Israel's military campaign against Iranian-aligned forces in Syria, Lebanon, and reportedly Iraq might seem like an appealing way to subcontract parts of the Trump administration's pressure campaign against Iran, but it may be time to ask whether these attacks are serving the interests of the United States—especially in Iraq.
There is little debate among external powers about Israeli attacks in Syria, where Israel is one of many actors vying to protect or promote their interests in the war-torn country. For Israel, Iran's growing presence in Syria—which, like Russia's presence, bolsters the Assad regime—has been the primary focus of its concern. Israel is less worried about Assad's fate than about the Iranian Revolutionary Guards' Quds Force and Hezbollah moving weaponry and producing missiles that could threaten its borders, potentially creating a second front beyond Hezbollah's well-established position in Lebanon.
Israel has launched hundreds of airstrikes on Hezbollah and Iranian targets over the course of the war. A lull took effect following the downing of a Russian military plane by Syrian forces nearly a year ago, which the Russians blamed on Israel. But since that incident, the Israelis and Russians appear to have come to an agreement that allows Israeli military operations in Syria to continue unimpeded.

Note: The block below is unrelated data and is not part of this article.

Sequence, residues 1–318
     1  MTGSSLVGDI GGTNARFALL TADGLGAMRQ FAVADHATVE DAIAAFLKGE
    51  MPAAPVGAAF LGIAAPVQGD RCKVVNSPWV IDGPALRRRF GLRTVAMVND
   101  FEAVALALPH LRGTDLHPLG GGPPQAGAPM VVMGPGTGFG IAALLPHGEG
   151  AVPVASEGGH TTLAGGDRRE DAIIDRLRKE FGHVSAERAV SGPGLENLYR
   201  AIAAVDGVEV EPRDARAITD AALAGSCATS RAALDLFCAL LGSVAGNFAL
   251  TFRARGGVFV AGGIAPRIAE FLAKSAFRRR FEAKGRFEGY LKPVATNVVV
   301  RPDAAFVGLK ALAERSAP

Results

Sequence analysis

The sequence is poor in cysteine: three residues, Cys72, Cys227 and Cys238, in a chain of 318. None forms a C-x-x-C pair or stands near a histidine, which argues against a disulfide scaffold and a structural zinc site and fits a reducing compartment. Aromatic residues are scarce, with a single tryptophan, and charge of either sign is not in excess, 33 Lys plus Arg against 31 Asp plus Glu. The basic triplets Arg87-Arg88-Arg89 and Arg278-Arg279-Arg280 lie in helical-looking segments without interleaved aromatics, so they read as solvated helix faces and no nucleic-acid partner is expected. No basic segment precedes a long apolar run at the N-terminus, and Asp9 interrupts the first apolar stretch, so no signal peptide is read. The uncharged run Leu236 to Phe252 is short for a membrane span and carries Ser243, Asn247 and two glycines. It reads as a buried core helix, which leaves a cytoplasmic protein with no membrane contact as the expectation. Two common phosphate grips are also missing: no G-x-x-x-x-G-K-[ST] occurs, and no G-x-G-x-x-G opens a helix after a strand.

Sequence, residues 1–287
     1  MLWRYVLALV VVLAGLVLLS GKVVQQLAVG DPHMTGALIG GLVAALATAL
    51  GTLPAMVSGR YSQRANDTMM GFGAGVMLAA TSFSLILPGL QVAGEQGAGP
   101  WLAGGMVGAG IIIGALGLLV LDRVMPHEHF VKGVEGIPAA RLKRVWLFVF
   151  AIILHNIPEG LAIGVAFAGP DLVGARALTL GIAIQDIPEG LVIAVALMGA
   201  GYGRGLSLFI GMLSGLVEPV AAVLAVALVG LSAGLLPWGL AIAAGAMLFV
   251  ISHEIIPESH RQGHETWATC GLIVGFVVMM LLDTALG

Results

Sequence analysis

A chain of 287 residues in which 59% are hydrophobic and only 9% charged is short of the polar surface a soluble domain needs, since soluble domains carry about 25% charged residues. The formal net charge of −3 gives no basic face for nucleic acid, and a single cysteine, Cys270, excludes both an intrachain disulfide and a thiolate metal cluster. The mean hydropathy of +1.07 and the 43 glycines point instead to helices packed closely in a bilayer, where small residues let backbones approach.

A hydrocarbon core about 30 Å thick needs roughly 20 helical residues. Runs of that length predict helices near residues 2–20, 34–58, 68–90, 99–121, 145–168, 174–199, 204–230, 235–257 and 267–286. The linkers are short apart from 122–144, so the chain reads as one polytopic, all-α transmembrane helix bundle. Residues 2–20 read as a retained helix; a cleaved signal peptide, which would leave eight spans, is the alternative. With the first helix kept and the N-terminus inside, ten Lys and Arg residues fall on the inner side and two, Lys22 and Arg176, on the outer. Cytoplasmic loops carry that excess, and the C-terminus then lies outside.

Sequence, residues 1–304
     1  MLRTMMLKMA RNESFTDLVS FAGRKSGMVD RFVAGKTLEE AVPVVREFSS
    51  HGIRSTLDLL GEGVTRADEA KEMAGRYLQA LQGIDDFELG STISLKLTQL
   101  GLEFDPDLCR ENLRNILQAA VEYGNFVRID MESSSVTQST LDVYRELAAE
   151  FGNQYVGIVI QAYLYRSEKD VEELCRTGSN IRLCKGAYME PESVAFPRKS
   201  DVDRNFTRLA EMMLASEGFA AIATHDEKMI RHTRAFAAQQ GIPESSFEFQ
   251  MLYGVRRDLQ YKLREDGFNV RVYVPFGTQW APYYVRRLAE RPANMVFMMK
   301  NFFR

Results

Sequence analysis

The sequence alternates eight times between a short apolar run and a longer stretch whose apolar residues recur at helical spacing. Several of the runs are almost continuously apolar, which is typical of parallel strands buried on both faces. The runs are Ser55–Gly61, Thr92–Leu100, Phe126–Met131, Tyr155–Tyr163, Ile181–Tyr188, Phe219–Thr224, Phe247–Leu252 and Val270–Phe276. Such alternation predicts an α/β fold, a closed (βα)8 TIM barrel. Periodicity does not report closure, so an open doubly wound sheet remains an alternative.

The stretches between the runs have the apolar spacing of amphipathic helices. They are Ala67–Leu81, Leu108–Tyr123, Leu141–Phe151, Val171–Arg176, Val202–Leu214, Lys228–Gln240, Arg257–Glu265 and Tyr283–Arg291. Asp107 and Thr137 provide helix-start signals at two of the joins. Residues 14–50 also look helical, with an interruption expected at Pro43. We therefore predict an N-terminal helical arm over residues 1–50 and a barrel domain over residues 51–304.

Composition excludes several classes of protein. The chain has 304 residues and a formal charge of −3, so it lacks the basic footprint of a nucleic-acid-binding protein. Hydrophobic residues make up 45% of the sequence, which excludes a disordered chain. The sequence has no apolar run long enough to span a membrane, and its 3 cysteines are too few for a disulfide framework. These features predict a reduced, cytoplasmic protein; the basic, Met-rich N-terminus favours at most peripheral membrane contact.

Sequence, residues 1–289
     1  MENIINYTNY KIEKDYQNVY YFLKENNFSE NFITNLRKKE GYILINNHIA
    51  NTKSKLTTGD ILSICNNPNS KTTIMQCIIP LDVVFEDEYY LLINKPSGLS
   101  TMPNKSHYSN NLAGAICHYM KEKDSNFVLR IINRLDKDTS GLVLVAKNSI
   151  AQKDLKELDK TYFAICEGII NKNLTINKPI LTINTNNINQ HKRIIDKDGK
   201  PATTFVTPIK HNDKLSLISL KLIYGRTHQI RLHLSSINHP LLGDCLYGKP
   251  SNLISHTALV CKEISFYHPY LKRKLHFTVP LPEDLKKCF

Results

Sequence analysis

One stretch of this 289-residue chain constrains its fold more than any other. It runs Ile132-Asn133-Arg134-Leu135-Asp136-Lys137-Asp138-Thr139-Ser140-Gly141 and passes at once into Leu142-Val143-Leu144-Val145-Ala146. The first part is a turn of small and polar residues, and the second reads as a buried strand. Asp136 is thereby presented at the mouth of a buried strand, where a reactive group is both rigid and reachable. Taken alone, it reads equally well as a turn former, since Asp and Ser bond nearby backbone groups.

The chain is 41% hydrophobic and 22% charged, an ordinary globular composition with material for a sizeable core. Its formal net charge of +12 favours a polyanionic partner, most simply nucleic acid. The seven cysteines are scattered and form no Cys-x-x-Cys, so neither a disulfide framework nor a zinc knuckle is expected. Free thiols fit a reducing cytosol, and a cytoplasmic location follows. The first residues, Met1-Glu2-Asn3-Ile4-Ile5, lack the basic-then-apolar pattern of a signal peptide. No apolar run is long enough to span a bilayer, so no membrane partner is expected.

For example, in late August, Israel attacked Iranian Quds Forces and Shia militia targets to prevent what it claims would have been a major drone attack against Israel. Secretary of State Pompeo defended Israel's right to defend itself from Iranian attacks emanating from Syria. Meanwhile, the Russians continue to look the other way as long as Israeli attacks do not disrupt its own operations in the country.
However, Israel's operations against Iran may be expanding to a point where the risks and spillover will not just affect Israel but may also threaten other U.S. regional interests. Recent attacks in Lebanon attributed to Israel, rare since Israel's 2006 ceasefire, could risk a new regional war between Israel and Hezbollah if the rules of engagement become unclear, though the contained escalation following recent Hezbollah casualties suggests neither side is eager for conflict. But it is the possibility of Israel expanding its anti-Iran campaign to Iraq that could have the most significant impact on the United States.…
The remainder of this commentary is available at nationalinterest.org.
Dalia Dassa Kaye is a senior political scientist and director of the Center for Middle East Public Policy at the RAND Corporation.
This commentary originally appeared on The National Interest on September 15, 2019. Commentary gives RAND researchers a platform to convey insights based on their professional expertise and often on their peer-reviewed research and analysis.